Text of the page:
And this: “The excursions sold on board were extremely expensive, but as I prefer to visit independently or to take private tours, this was not a problem.” Many of us of course feel the same about this subject.
But perhaps his conclusion is what matters most: “I’d love to sail with Oceania again. I have to say that this cruise was probably one of the best we’ve ever taken, certainly the most ‘up scale!’ It was so pleasant to be pampered the way we were.”
While the Riviera apparently incorporates some improvements over the Marina, particularly in the area of deck heights in some of the public areas, I think this says everything we need to know.
Readers wishing to read the full review can do so joining the Liner Society.Membership is £20 in the UK, £23 in Europe and £25 in the rest of the world for a subscription to their 48-page quarterly journal, Sea Lines.
Further details can be found at www.ocean-liner-society.com.
Revised Details For Viking Ocean Ships
Last December, we brought you the news that Viking Ocean Cruises, the ocean-going arm of Viking River Cruises, had signed an agreement with STX France for two 41,000-ton 888-berth ships for delivery in the spring of 2014 and spring of 2015, with an option for a third. News then followed however that negotiations had come to an end, evidently as the subject finance could not be completed.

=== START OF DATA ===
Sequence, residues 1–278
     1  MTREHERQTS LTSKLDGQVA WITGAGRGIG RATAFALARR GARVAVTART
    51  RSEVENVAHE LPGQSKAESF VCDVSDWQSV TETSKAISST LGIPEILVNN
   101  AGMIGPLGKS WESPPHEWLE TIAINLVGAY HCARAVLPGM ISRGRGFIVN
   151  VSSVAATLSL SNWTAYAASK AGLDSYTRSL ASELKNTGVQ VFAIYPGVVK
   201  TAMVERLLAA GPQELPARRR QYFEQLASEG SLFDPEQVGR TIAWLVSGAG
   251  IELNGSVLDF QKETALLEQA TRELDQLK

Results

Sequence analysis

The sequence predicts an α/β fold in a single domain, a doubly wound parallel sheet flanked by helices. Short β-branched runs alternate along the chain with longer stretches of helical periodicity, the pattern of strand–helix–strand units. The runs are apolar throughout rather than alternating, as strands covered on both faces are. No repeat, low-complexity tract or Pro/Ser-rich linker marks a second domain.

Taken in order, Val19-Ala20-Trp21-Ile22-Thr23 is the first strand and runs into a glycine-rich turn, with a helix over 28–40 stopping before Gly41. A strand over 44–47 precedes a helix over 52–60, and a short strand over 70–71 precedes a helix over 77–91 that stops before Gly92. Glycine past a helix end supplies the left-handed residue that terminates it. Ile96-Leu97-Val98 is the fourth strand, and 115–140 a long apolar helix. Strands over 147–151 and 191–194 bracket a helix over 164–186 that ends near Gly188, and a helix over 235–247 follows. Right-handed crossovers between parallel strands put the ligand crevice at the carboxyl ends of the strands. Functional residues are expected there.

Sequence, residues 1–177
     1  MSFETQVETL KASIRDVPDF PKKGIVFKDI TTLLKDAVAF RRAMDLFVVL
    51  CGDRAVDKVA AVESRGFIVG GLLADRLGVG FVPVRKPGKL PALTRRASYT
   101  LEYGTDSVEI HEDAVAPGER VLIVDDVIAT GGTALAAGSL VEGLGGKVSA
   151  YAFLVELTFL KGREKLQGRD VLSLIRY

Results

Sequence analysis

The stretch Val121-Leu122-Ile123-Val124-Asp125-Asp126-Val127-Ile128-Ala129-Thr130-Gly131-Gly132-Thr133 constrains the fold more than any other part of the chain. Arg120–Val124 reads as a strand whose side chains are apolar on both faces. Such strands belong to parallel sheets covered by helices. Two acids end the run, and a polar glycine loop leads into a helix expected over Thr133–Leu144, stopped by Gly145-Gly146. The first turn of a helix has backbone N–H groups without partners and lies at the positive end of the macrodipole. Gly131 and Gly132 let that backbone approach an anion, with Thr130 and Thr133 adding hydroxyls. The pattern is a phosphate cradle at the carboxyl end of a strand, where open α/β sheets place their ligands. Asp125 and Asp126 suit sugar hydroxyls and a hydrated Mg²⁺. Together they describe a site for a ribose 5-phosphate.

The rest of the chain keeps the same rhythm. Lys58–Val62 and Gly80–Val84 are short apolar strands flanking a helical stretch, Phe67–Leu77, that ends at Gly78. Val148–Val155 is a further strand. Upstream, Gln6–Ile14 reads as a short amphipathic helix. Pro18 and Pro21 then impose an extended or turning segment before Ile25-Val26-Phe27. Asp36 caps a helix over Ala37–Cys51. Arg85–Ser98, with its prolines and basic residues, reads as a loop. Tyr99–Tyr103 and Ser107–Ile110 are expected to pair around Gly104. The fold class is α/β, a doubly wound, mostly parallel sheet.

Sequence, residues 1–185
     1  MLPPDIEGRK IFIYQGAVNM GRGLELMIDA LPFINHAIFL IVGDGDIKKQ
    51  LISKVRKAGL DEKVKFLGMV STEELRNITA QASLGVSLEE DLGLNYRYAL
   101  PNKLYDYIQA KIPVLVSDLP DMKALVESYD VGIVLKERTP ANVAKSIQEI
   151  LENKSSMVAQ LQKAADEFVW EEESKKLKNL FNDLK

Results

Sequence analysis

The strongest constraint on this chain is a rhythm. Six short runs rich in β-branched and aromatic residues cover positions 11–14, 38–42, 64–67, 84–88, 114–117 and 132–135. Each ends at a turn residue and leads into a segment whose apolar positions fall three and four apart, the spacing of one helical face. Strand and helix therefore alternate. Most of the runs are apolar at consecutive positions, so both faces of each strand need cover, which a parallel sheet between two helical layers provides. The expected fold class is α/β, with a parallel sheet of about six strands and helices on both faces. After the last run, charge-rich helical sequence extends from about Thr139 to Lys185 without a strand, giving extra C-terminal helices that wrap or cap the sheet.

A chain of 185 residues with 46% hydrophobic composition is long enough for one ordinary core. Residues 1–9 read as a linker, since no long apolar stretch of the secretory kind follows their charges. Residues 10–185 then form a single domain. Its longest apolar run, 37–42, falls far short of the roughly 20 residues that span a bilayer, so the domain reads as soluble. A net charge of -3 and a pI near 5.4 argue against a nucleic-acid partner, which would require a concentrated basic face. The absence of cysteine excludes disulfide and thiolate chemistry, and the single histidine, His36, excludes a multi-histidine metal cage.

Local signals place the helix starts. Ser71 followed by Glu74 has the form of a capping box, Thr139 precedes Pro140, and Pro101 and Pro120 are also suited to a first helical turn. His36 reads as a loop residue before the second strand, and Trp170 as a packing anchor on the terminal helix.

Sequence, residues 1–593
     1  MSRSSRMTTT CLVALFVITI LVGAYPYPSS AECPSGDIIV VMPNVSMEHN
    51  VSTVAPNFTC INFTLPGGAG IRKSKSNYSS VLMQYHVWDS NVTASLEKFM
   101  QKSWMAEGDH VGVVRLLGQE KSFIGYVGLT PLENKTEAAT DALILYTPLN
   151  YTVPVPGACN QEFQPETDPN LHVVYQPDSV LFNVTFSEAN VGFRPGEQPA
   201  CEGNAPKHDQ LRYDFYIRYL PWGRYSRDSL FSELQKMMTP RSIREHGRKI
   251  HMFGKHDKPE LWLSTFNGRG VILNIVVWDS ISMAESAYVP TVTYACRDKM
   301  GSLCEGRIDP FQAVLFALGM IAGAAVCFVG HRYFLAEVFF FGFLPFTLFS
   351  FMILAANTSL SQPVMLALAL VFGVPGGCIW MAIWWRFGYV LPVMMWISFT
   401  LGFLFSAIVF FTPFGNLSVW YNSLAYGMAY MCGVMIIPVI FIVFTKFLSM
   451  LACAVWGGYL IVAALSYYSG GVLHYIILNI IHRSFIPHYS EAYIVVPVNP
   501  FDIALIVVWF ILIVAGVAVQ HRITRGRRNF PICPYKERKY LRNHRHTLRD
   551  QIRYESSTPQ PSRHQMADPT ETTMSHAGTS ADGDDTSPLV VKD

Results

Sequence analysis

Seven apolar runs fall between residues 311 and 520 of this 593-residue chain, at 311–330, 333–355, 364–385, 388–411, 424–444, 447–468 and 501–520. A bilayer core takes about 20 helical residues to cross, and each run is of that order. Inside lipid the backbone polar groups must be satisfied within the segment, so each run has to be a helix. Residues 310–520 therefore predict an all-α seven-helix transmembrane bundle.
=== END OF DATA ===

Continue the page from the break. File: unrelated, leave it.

Then in April came news that Viking Ocean had signed a new memorandum of understanding with Italy’s Fincantieri for two slightly larger 45,000-ton 998-berth ships, with option for a third, for delivery in late 2014 and late 2015.
Fincantieri has just delivered the latest Oceania ships Marina, reviewed above, and Riviera, which while larger 1,250-guest ships of 66,000 tons are in a similar upmarket bracket, as are the three much smaller newbuildings for Compagnie du Ponant.
Viking Ocean ceo Torstein Hagen said of the new ships that they will have “a fresh and innovative design well suited to our commitment to destination cruising.”
Last week, with the final announcement of the order, slight revisions were made in the specifications, with the two ships now to be delivered a few months later, in early 2015 and early 2016, still with an option for a third. The ships will each now measure slightly more, at 47,000 tons, and will carry slightly fewer passengers, at 944 in double occupancy.
These slight changes bring the passenger space ratio up from 45 gross tons per passenger to very close to 50, or about 5,000 cu ft per guest, a little more than the volume taken up by a London double-decker bus.
The key component in closing the deal for Fincantieri was the finance, an area where shipyards can often be instrumental, with the money coming from the Italian government-sponsored Export Banca, an institution that was created to support Italian exports.
(Kevin Griffin is managing director of specialist cruise agency The Cruise People Ltd in London, England. For further information concerning cruises mentioned in this article readers can visit his blog)